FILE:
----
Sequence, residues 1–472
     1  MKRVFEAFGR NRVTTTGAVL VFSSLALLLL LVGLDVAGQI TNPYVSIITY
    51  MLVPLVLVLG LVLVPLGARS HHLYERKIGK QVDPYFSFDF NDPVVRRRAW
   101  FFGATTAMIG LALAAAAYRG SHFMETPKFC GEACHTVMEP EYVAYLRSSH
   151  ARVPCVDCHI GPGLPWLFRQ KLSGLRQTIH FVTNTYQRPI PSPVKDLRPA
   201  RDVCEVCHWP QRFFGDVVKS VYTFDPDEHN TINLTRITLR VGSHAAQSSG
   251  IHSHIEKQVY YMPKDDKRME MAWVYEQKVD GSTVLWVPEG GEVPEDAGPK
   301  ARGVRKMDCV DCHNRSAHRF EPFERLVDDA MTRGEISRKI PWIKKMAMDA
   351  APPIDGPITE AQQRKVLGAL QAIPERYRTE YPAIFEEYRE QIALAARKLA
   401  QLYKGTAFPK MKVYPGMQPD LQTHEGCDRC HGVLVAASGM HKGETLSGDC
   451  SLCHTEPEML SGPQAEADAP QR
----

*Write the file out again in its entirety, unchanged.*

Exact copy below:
Sequence, residues 1–472
     1  MKRVFEAFGR NRVTTTGAVL VFSSLALLLL LVGLDVAGQI TNPYVSIITY
    51  MLVPLVLVLG LVLVPLGARS HHLYERKIGK QVDPYFSFDF NDPVVRRRAW
   101  FFGATTAMIG LALAAAAYRG SHFMETPKFC GEACHTVMEP EYVAYLRSSH
   151  ARVPCVDCHI GPGLPWLFRQ KLSGLRQTIH FVTNTYQRPI PSPVKDLRPA
   201  RDVCEVCHWP QRFFGDVVKS VYTFDPDEHN TINLTRITLR VGSHAAQSSG
   251  IHSHIEKQVY YMPKDDKRME MAWVYEQKVD GSTVLWVPEG GEVPEDAGPK
   301  ARGVRKMDCV DCHNRSAHRF EPFERLVDDA MTRGEISRKI PWIKKMAMDA
   351  APPIDGPITE AQQRKVLGAL QAIPERYRTE YPAIFEEYRE QIALAARKLA
   401  QLYKGTAFPK MKVYPGMQPD LQTHEGCDRC HGVLVAASGM HKGETLSGDC
   451  SLCHTEPEML SGPQAEADAP QR